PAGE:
Environment control in real time requires miniature detector units that deliver a reliable gas-selective signal [1]. So far, the most employed gas sensors able to meet this task are of chemiresistive (or conductometric) type, which—along with electrochemical and thermocatalytic sensors—are the cheapest and easiest to operate [2,3]. These sensors have been available since the 1960s [4] and are now widely used [5] to detect mostly reducing gases under various applications. The basic design of the sensors constitutes a substrate that carries a two-electrode terminal and a chemiresistive material between the electrodes. The most popular materials to develop chemiresistors are wide-gap semiconductors of n-type, mostly oxides, among which the ZnO is possibly the best known one (see Reference [4]) together with SnO2 and TiO2, to mention a few. The fundamental principle of these ZnO gas sensors is the gas interaction with the oxide surface which results in a change of its resistance with sign depending on reducing or oxidizing nature of the chemisorbed species due to electron exchange between conductance band and at-surface local energy states in the gap. While the efficiency of the chemisorption depends on a density of available chemisorption cites at the oxide surface and their activation (frequently called as a receptor function) the integral resistance change depends valuably on how the at-surface electron exchange affects the total number of free carriers and their transport in the oxide bulk (frequently called as a transducer function). The transducer function is greatly determined by the geometry of the oxide structures: if their effective thickness is less or comparable to Debye length at the surface region the surface chemisorption processes fully manage the overall oxide resistance and we anticipate the most sensitive detector. Because this length falls into a nanometer dimension range [6,7,8] all the investigations on research and development of state-of-the-art sensors based on ZnO consider utilizing nanostructures and nanotechnologies able to produce these structures; for recent reviews see, for instance, References [9,10,11,12].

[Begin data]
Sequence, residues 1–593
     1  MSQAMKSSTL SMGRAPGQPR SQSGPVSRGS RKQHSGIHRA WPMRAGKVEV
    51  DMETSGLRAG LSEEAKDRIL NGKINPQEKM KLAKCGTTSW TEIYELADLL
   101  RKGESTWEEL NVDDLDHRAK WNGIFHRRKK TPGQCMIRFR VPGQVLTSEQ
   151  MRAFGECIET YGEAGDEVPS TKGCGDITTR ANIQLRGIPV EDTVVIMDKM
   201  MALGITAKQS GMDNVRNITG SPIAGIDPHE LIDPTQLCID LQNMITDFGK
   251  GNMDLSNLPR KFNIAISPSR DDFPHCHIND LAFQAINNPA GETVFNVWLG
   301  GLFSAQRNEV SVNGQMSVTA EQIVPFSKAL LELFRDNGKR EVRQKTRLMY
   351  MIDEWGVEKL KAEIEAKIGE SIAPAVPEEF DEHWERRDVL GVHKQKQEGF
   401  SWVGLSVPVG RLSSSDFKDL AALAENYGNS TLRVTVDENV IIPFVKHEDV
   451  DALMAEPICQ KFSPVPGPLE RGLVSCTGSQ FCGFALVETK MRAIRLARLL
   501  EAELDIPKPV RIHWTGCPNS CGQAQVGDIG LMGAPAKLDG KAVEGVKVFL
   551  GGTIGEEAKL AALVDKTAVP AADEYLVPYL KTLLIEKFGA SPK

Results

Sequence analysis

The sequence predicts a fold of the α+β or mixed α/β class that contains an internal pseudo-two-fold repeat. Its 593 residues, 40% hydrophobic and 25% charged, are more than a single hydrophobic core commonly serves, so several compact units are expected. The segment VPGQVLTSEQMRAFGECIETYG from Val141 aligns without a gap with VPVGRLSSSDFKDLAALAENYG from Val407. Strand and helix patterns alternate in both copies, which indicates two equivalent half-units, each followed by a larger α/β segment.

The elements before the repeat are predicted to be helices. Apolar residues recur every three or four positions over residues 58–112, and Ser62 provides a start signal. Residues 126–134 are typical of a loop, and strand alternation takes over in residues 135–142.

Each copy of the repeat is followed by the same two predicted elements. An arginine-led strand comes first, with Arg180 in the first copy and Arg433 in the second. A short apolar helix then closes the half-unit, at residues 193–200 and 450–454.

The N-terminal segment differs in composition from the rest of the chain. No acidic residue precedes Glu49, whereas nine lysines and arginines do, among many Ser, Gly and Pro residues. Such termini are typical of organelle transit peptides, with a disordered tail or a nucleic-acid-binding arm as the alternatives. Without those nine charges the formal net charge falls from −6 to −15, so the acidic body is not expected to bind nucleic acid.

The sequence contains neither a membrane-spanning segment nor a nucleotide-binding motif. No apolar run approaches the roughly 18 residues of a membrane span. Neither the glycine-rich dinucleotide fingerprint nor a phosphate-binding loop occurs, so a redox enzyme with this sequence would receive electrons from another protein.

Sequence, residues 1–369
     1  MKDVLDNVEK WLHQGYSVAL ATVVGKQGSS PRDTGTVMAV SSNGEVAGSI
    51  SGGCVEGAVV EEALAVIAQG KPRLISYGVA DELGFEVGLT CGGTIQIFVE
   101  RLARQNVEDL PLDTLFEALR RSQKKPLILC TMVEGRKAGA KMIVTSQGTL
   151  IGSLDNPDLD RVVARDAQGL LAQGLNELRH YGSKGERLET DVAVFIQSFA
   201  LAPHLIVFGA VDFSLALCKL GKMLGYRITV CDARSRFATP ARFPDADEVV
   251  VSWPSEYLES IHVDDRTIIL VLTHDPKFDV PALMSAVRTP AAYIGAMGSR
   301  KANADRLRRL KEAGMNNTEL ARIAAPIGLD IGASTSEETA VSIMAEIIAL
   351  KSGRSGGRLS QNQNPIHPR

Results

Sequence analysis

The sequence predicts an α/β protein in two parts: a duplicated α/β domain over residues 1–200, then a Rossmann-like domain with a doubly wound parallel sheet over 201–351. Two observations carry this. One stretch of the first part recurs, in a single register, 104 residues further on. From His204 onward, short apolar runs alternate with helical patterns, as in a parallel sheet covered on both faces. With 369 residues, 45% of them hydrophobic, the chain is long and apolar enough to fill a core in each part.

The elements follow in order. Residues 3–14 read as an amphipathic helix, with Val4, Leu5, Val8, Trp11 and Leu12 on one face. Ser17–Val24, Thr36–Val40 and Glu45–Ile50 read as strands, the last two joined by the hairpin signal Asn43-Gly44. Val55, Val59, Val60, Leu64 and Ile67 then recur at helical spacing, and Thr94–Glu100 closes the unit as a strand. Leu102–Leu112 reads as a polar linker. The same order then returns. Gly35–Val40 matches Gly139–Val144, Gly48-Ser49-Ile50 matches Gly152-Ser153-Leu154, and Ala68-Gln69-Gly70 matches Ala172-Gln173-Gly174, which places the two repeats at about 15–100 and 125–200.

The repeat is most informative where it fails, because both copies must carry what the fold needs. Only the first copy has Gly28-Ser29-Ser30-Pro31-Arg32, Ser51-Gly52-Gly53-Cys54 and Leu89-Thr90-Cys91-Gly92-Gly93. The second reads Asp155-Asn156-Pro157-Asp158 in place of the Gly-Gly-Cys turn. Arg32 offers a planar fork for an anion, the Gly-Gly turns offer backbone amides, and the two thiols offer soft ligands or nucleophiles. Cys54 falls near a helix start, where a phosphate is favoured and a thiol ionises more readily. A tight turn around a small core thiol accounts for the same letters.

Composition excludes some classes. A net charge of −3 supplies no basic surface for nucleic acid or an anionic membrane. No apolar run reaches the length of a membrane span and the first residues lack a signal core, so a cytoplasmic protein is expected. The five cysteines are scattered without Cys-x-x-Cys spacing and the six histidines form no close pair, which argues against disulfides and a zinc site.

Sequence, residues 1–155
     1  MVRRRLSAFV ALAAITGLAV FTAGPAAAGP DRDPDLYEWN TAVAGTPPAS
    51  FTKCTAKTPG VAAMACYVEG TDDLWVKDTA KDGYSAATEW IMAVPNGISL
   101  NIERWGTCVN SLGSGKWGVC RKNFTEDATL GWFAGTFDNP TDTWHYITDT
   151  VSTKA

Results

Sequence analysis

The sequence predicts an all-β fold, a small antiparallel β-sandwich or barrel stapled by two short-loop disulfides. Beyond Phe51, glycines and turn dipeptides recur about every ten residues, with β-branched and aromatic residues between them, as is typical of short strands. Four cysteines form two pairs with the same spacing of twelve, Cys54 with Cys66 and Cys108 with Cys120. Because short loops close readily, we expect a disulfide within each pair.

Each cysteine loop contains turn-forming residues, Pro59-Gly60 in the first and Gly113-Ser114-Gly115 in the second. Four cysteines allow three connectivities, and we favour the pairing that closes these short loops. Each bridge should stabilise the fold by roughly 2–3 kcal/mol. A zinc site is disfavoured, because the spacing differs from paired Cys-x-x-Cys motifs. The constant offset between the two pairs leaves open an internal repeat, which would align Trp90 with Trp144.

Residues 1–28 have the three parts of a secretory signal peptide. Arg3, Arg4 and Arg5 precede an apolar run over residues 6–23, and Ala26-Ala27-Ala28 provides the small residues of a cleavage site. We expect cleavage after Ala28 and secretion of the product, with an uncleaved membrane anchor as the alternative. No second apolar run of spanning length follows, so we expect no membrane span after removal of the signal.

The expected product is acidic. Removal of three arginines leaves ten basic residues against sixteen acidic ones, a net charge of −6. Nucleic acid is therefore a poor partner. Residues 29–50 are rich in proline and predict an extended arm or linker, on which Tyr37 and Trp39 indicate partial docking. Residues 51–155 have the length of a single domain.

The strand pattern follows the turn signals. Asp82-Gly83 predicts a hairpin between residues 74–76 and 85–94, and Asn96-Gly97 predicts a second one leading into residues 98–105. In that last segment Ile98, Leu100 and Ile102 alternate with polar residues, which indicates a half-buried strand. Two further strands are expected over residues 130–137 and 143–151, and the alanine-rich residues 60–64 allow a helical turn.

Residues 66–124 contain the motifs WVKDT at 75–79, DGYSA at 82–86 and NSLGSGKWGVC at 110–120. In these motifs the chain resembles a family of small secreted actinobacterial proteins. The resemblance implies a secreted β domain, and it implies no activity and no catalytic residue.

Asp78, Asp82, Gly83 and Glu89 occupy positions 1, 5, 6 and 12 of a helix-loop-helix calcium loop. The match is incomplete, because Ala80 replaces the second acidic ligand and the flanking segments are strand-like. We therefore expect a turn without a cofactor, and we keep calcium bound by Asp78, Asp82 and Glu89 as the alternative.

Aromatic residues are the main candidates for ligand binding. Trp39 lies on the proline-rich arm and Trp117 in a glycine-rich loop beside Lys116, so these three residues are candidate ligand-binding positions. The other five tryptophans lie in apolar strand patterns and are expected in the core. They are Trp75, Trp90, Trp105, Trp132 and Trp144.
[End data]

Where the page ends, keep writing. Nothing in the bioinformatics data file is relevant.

There are three kinds of ZnO nanomorphology to fit the conditions of matching the Debye length as three-dimensional (3D) nanoparticle layer, (quasi-)two-dimensional (2D) sheets and (quasi-)one-dimensional (1D) nanorods (NRs). Recently, the interest shifted to the latter because of easy production at the large scale and overall stability of properties of such a material [13,14,15,16]. Therefore, plenty of methods and protocols are suggested to grow zinc oxide in the NR morphology like sputtering [17], molecular beam epitaxy [18], atomic layer deposition [19], electrochemical/electrodeposition [20,21,22], colloidal chemistry [23], vapor–liquid–solid deposition [24], sonochemical process [25], etc. However, still, the most convenient and cost-effective method to produce the ZnO NRs at large arrays is hydrothermal one [26,27] based on the crystallization of the material from a solution usually under advanced temperatures and pressure. This technology provides rather good control over the ZnO nanostructure morphology via seeding clusters and managing the growth temperature. Therefore, various investigations dealt with ZnO NRs fabricated in frames of hydrothermal technology to develop prototypes of sensors for detecting many gases ranged from rather simple inorganic ones like carbon dioxide [28], methane [29], nitrogen oxides [30,31,32], humidity [33], hydrogen [34,35,36], to complex organic molecules like ethanol [36,37,38,39,40,41,42,43], acetone [44,45], drugs [46] and glucose [47]. As shown in the cited literature, such ZnO NRs appear to be promising gas-sensing material for chemiresistors to detect the gases mostly at tens or hundreds of ppm concentrations in a mixture with background air. However, the gas selectivity remains rather poor (see, for instance, Reference [40]) as known for all oxide chemiresistors and other gas sensors in general [48]. This challenge is addressed in the most powerful degree by combining gas sensors into multisensor arrays [49] and employing pattern recognition algorithms to process the array vector signals [50].